William Klein + Daido Moriyama

2012-10-29

For the most part, the double exhibition of works by William Klein and Daido Moriyama at the Tate Modern focuses on their urban photography. However, one room collects some of Klein's earlier work as a painter. Klein's wooden panels use text in an abstract way which draws focus on the form of the characters themselves. This approach to typography is continued through some of his photographs.

The use of typographic characters as abstract forms is a useful departure point for considering the relationship between spoken and written language. This was a concern for Jacques Derrida who, in Of Grammatology (1967), criticizes the tendency to view written language as preserved phonetic speech.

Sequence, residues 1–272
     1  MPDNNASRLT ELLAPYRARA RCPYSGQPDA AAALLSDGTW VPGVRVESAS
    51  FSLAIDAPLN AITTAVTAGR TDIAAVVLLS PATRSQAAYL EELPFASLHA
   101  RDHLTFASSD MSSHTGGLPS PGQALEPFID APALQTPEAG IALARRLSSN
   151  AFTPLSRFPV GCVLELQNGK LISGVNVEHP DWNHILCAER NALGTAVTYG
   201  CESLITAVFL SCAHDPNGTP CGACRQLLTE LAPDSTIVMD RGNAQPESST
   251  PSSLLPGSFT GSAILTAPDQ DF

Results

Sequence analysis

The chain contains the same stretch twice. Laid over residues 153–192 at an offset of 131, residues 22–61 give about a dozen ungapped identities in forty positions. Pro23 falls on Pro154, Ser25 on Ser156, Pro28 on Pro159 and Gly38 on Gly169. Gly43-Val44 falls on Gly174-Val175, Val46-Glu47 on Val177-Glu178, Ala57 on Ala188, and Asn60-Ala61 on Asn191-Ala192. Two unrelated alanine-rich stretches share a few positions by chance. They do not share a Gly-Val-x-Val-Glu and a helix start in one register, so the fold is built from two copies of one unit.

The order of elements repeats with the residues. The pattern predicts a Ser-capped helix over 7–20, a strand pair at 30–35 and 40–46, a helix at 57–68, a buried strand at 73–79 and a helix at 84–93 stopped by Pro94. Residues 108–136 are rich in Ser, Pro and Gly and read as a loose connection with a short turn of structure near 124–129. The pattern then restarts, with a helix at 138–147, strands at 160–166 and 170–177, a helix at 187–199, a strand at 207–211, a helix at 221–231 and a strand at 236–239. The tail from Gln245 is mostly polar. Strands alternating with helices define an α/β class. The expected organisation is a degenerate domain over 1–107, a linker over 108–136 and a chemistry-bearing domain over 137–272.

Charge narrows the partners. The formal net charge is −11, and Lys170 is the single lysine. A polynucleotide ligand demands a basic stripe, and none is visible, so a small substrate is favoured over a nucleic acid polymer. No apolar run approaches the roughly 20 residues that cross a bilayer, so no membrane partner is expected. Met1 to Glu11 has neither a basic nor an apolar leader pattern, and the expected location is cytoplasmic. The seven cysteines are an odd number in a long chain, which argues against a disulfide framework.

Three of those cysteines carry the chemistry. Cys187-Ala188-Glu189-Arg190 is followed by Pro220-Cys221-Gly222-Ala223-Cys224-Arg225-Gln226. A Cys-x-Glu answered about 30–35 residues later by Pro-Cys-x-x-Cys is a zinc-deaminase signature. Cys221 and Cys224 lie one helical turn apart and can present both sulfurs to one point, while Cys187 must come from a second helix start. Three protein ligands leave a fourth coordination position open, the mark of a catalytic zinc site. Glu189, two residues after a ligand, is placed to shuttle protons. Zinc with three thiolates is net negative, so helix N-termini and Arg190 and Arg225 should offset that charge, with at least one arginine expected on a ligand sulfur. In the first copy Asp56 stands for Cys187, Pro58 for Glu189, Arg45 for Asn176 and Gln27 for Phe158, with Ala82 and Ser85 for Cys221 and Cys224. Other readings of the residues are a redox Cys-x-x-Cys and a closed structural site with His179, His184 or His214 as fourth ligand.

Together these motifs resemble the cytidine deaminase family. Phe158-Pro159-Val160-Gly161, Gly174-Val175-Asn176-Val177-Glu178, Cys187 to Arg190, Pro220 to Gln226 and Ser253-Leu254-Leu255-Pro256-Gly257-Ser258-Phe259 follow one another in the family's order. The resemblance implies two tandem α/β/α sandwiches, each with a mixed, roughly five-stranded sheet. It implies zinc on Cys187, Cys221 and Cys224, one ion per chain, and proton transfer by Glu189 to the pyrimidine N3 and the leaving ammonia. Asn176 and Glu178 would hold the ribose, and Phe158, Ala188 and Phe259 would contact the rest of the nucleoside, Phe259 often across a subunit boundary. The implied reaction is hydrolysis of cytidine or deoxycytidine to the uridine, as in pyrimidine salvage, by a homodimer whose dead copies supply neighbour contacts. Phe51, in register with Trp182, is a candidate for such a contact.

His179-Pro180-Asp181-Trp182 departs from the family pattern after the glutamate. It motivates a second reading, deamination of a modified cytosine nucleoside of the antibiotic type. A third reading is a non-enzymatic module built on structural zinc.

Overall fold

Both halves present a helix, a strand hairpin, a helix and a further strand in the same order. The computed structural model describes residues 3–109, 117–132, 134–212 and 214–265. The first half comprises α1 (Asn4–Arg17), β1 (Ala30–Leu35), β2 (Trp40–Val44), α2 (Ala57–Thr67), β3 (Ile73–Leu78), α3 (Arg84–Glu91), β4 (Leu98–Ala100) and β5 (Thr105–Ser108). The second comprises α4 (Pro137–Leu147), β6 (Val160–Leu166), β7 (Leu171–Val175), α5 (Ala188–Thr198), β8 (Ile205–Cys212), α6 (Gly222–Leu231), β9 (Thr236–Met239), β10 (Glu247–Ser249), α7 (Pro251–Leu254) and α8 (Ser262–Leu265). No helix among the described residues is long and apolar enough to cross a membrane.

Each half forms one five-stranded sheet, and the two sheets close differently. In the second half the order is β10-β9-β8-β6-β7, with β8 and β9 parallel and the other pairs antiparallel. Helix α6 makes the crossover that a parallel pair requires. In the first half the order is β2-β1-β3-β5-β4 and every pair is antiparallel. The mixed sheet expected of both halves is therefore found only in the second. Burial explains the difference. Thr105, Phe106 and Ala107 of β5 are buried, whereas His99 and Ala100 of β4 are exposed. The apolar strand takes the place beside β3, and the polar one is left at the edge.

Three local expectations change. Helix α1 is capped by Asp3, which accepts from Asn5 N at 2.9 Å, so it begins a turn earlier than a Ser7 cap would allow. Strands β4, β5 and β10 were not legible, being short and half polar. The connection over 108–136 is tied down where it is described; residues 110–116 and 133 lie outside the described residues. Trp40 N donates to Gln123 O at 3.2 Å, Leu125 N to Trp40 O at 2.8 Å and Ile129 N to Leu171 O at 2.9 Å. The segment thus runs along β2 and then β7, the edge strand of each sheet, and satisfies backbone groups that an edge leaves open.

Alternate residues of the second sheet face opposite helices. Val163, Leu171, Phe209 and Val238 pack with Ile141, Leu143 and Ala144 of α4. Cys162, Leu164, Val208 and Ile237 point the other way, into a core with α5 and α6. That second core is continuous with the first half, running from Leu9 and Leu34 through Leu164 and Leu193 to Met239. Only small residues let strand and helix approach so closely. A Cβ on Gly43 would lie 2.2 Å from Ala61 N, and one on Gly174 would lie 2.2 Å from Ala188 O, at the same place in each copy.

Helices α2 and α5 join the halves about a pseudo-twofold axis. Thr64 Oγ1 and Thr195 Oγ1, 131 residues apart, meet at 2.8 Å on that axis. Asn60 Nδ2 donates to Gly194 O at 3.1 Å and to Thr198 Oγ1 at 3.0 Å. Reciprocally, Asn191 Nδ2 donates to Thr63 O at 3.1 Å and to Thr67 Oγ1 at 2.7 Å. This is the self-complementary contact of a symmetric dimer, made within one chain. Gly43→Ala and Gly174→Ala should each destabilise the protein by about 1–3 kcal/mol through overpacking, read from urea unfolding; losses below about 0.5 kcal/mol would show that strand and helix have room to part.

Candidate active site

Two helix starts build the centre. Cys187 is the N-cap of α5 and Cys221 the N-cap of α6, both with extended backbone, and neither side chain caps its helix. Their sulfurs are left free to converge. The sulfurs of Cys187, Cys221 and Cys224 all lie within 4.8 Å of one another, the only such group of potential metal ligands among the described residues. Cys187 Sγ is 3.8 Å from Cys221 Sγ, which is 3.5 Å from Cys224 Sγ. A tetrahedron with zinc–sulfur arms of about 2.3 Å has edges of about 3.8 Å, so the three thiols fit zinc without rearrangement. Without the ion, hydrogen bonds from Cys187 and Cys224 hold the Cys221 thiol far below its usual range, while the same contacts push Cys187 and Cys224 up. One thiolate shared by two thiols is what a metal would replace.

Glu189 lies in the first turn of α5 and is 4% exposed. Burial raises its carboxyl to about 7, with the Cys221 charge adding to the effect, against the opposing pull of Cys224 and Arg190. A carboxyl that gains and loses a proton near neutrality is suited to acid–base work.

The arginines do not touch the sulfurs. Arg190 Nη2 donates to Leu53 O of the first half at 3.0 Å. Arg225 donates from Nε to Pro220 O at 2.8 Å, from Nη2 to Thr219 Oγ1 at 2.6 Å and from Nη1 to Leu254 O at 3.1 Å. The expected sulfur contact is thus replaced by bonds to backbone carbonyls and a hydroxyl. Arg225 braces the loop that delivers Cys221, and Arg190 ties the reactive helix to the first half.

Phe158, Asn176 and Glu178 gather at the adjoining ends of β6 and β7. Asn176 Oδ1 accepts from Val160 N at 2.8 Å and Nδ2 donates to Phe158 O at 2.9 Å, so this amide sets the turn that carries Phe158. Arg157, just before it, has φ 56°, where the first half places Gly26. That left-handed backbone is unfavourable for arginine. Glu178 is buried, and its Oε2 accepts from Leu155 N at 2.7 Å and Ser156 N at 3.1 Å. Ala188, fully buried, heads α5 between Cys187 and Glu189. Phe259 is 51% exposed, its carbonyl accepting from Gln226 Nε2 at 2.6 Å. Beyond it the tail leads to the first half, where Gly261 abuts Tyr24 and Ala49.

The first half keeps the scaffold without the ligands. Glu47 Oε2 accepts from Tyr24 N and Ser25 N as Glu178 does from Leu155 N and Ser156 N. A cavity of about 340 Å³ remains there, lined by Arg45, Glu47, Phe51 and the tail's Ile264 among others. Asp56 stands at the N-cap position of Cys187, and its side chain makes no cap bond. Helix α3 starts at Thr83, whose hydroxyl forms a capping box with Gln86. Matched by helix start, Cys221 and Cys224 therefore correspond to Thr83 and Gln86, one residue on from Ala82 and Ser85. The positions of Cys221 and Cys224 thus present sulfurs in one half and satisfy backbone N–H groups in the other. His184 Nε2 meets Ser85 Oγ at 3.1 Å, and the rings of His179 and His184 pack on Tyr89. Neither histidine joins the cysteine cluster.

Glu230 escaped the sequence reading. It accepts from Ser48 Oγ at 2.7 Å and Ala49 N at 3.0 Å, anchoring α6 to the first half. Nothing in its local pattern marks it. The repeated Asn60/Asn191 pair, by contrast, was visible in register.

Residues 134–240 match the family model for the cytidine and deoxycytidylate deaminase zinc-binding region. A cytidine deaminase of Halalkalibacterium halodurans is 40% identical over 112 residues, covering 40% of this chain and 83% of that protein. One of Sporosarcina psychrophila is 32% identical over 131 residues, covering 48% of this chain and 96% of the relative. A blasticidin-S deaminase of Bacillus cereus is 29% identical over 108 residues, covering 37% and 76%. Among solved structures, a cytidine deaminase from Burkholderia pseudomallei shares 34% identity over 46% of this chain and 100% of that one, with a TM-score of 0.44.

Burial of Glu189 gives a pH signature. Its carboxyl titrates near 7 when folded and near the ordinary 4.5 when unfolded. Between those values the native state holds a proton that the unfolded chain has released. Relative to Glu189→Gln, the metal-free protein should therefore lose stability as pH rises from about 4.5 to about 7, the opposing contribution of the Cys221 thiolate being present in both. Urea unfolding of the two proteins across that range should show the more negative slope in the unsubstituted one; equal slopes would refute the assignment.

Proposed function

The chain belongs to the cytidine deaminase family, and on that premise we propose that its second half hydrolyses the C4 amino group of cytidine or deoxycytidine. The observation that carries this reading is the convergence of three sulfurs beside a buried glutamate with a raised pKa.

When we look at the characters in Klein's paintings, it is clear that they carry no semantic information. Characters can carry semantic information when they are grouped with other characters in assemblages of words. This is more or less the same way that spoken language works - individual noises don't carry complex semantic information unless they are in assemblages with other sounds. It is correct to criticize the notion that text is a preservation of speech, but the processes involved in carrying semantic information is quite similar in both cases. It is when we think of the extra-semantic information that text and speech can carry that the differences between the aural and the visual become more apparent.

William Klein + Daido Moriyama is at the Tate Modern until the 20th of January, 2013


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